Gypsy Moth Program Coming to Downtown Delaware, Ohio

Ohio Department of Agriculture will be bringing a program on gypsy moth treatments to the OSU Extension Office in historic downtown Delaware, Ohio, on Wednesday, February 13, from 6-8 p.m.

The program is designed to provide the opportunity for staff members to speak directly with those who work with the program, learn about the pest, and view maps of treatment areas. The program is being offered in areas across Ohio that are slated to receive gypsy moth aerial treatments by the Ohio Department of Agriculture in early spring to slow the spread of the destructive insect.

Citizens can learn more about this pest and to view maps of the treatment areas online. Those with questions who live near a treatment area will have the opportunity to talk with experts at the following open houses:

  • Athens County – Feb. 11, 6 – 8 p.m., OSU Extension Office – Athens Co., 280 W. Union St. (backside of the Health Dept. building, enter through the fairgrounds), Athens, Ohio
  • Hocking and Fairfield Counties – Feb. 11, 6 – 8 p.m., Good Hope Twp. Hall, 26838 Main St., Rockbridge, Ohio
  • Logan and Union Counties – Feb. 12, 6 – 8 p.m., Tri Valley Fire Dept., 2568 Sandusky St., Zanesfield, Ohio
  • Meigs County – Feb. 12, 6 – 8 p.m., Olive Twp. Fire Dept., 38677 2nd Street, Reedsville, Ohio
  • Delaware County – Feb. 13, 6 – 8 p.m., OSU Extension Office – Delaware Co., 149 North Sandusky St., Delaware, Ohio
  • Union County – Feb. 13, 6 – 8 p.m., OSU Extension Office – Union Co., 18000 SR 4, Suite E, Marysville, Ohio
  • Champaign County – Feb. 14, 6 – 8 p.m., Union Twp. Hall – 3081 Harper Rd., Mechanicsburg, Ohio
  • Hardin, Logan and Union Counties – Feb. 14, 6 – 8 p.m., Hale Twp. Hall, 206 South West St., Mt. Victory, Ohio

Ohio Department of Agriculture

Ohio Department of Agriculture to host an information session on its efforts to keep the gypsy moth under wraps in 2013 at the OSU Extension in Delaware County on February 13 at 6 p.m. [photo from http://www.agri.ohio.gov/]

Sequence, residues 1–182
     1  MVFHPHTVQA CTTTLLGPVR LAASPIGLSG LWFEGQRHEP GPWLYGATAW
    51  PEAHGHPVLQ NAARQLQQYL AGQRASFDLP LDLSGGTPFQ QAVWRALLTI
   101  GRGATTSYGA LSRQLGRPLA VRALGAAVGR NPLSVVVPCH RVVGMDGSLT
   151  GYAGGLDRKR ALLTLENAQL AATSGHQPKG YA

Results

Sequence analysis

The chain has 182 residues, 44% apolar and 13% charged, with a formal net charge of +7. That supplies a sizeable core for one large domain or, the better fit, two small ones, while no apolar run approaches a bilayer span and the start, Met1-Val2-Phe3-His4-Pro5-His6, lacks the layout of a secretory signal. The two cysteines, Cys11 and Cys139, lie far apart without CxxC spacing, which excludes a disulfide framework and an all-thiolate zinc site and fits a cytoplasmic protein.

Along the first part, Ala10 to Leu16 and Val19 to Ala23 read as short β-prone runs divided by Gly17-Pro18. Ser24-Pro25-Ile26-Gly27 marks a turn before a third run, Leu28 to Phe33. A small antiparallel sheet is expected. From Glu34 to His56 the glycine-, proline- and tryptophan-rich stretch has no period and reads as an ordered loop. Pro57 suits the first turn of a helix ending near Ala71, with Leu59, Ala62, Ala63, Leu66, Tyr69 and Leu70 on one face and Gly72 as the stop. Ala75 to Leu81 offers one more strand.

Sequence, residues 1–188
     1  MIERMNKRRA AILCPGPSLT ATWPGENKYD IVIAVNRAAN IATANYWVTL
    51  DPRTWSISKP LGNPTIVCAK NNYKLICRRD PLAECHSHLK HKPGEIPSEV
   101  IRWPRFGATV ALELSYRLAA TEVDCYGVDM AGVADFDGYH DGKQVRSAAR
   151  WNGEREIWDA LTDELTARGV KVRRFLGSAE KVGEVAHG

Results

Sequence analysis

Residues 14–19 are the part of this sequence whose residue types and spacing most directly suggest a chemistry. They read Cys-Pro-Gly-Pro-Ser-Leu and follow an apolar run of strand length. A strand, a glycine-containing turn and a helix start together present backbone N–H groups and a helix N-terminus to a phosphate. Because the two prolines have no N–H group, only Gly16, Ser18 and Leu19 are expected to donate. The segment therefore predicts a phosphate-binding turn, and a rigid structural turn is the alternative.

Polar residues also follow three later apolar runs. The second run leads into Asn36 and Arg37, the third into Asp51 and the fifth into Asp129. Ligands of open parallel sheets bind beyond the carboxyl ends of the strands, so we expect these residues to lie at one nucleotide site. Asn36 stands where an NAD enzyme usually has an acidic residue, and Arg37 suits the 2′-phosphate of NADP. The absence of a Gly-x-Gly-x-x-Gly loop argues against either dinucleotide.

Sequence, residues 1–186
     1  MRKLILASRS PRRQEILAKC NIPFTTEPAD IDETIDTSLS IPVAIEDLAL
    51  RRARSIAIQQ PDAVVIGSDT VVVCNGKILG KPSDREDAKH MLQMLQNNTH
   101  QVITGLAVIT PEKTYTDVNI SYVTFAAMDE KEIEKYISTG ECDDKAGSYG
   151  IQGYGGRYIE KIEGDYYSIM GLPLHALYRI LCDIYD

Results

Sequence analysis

Gypsy moths are invasive insects that attack more than 300 different types of trees and shrubs, with oak being the preferred species. In its caterpillar stage, the moth feeds heavily on the leaves of trees and shrubs limiting their ability to photosynthesize. A healthy tree can usually withstand only two years of defoliation before it is permanently damaged or dies.

Currently in Ohio there are 51 counties under gypsy moth quarantine, limiting the movement of regulated articles out of those counties.

To combat this problem, the department uses different types of treatment strategies to slow the spread of gypsy moth in Ohio. Officials have three programs aimed to manage the pest, including:

  1. The “Suppression” program, which occurs in counties where the pest is already established. Landowner(s) must voluntarily request treatment to help suppress populations.
  2. The “Slow-the-Spread” program, which occurs in counties in front of the larger, advancing gypsy moth population. In these counties, officials work to detect and control isolated populations in an effort to slow the overall advancing gypsy moth infestation.
  3. The “Eradication” program, which occurs in uninfested areas where an isolated population occurs due to the import of infested firewood or outdoor equipment. Department officials use aggressive eradication efforts to eliminate gypsy moth from these areas.

Treatments used for gypsy moth control include:

  1. Foray (Btk), a compound derived from a naturally occurring bacteria found in the soil that is effective in gypsy larvae control
  2. Mating disruption product, flakes or liquid that disrupt the male moth’s ability to locate females during mating season
  3. Dimilin, a growth regulating insecticide that attacks gypsy moth larvae
  4. Mimic, a growth regulating insecticide that attacks gypsy moth larvae
  5. Gypchek, a bio-insecticide specifically used for control of gypsy moth

The department uses different types of treatments, depending on the location and extent of infestation. All treatments require an aerial application. Foray, Dimilin, Mimic, and Gypchek treatments will take place in early to mid-May, and mating disruption treatments will begin in mid-June. The treatments are not toxic to humans, pets, birds or fish.

Citizens who cannot attend the open houses and would like to provide official comment about the proposed treatment blocks should send correspondence to the department by March 1. Letters can be sent by e-mail or by hard copy to the attention of the Gypsy Moth Program, Plant Health Division – Building 23, Ohio Department of Agriculture, 8995 E. Main St., Reynoldsburg, OH 43068.

The OSU Extension of Delaware County is located at 149 North Sandusky Street in historic downtown Delaware, Ohio.

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